DENVER – The Four Corners, which sat at the center of previous energy booms, is largely being left out of the action as a revolution in shale gas drilling ripples across the world.
Christof Rühl, chief economist for BP, has traced a chain reaction from shale drilling in the United States that has moved east across the globe.
The Four Corners once was the epicenter of the nation’s best natural-gas field, the San Juan Basin. While the field remains productive, energy companies are chasing gas and oil from tight shale rocks in massive new fields all across the country.
“The (shale) resource globally is widespread, but for the foreseeable future, most of it will come out of the United States,” Rühl said Wednesday.
He credited open competition and private control of gas and oil as the reasons that companies developed the hydraulic fracturing techniques necessary to tap shale rocks here and not in other countries with government-owned gas and oil fields.
Rühl was in Denver for the Colorado Oil and Gas Association’s annual convention, and he sat for an interview with The Durango Herald.
He is not involved with the part of BP’s business that decides where to drill, so he could not speak specifically about the San Juan Basin, where production has been dropping since 2003.
But Rühl said energy companies are shifting their investment decisions now that the country is awash in cheap natural gas.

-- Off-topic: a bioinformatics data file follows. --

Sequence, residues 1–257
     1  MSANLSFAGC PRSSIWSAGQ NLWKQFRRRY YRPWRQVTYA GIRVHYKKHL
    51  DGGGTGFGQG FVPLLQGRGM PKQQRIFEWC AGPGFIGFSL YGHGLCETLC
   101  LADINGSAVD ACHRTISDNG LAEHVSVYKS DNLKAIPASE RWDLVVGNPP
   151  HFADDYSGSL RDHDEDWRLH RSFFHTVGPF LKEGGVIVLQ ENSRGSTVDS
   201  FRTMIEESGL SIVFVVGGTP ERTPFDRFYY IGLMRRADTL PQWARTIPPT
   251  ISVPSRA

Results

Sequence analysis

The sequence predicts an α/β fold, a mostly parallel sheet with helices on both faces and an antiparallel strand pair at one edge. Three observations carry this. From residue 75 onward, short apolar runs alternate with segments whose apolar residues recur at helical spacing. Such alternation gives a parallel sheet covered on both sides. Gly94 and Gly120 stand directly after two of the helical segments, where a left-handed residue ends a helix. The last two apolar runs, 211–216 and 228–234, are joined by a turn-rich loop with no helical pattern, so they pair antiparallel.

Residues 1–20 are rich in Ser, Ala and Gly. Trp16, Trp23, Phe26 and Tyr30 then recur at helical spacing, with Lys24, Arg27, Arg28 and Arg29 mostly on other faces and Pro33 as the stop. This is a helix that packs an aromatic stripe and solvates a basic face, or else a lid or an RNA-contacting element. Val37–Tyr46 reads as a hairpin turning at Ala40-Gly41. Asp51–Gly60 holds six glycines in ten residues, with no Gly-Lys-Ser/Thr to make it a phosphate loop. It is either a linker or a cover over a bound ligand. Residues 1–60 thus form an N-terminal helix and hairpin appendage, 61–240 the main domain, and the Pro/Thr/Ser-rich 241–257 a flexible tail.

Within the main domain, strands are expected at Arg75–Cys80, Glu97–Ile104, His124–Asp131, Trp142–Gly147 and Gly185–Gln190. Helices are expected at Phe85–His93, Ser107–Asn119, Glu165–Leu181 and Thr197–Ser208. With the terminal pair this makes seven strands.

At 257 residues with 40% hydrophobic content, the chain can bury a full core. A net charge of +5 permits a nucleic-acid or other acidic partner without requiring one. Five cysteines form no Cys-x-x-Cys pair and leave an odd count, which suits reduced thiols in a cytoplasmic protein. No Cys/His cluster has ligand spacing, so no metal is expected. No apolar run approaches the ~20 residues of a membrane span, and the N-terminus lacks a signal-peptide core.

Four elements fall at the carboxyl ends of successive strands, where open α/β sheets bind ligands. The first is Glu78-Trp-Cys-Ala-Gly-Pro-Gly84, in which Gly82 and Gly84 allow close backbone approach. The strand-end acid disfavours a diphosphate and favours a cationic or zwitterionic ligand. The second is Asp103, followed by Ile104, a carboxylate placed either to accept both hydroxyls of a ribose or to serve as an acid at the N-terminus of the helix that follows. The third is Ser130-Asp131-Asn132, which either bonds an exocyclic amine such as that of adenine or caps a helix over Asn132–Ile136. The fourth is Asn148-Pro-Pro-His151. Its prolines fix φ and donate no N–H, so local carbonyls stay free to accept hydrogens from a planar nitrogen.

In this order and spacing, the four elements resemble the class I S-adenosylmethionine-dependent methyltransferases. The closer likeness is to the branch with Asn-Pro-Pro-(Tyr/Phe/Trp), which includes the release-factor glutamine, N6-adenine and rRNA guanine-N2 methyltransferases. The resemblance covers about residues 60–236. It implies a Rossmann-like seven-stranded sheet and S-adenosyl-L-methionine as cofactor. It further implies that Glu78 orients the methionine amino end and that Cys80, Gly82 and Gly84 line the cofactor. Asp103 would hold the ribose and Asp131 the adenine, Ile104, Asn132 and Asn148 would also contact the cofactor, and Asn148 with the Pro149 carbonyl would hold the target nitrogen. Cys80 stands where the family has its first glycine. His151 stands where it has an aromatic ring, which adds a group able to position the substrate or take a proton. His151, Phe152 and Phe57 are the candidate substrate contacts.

“One region’s gain is another region’s pain,” he said.
Instead of drilling more traditional natural-gas wells or coal-bed methane wells – the kind that are found in the San Juan Basin – companies now drill shale oil wells, which often produce natural gas as a byproduct. That helps in an era of historically low natural-gas prices.
“If you have it as a byproduct, basically every price above zero is a good price,” Rühl said.
The rush into shale drilling has led to an oversupply of natural gas and also made the United States by far the world’s leading gas producer.
U.S. natural-gas prices averaged $8.85 per million btu in 2008, the year the Great Recession began. They plunged to less than $4 the next year and to $2.76 in 2012, according to BP’s Statistical Review of World Energy, which Rühl oversees. Enticed by cheap gas, electric utilities have rushed to abandon coal in favor of gas in their power plants.
“Last year, what we have seen is the biggest replacement of a single fuel with another fuel at least for the last 40 years, probably on record,” Rühl said.
But the coal mines didn’t shut down.
Rühl said American coal was released onto the world market. It found its way to Europe, where it replaced natural gas – which is more expensive there – in power plants.
And this is where the global energy shake-up affects Southwest Colorado a second time.
European natural gas then went to Asia to replace energy from nuclear power plants, which Japan shut down after the tsunami and meltdown at its Fukushima plant.
That leaves nuclear power as the biggest loser – bad news for anyone looking for the return of a previous energy boom, when Southwest Colorado was at the center of the country’s uranium industry.
“We had the lowest nuclear production last year since 1984,” Rühl said. “We think the share of nuclear in global energy will remain relatively constant.”
The massive shifts will change more than just the local economy. U.S. oil production jumped a stunning 13.9 percent in 2012, according to BP’s Statistical Review of World Energy, while U.S. oil consumption fell slightly. Rühl thinks that means the Middle East will become less important to the United States and more important to China, the world’s second-largest energy consumer.
And the shift from coal to gas in U.S. power plants helped create the country’s biggest annual decline in greenhouse gases, he said.
But the global decline in carbon emissions wasn’t as big as it could have been because Europe now is burning more American coal, he said.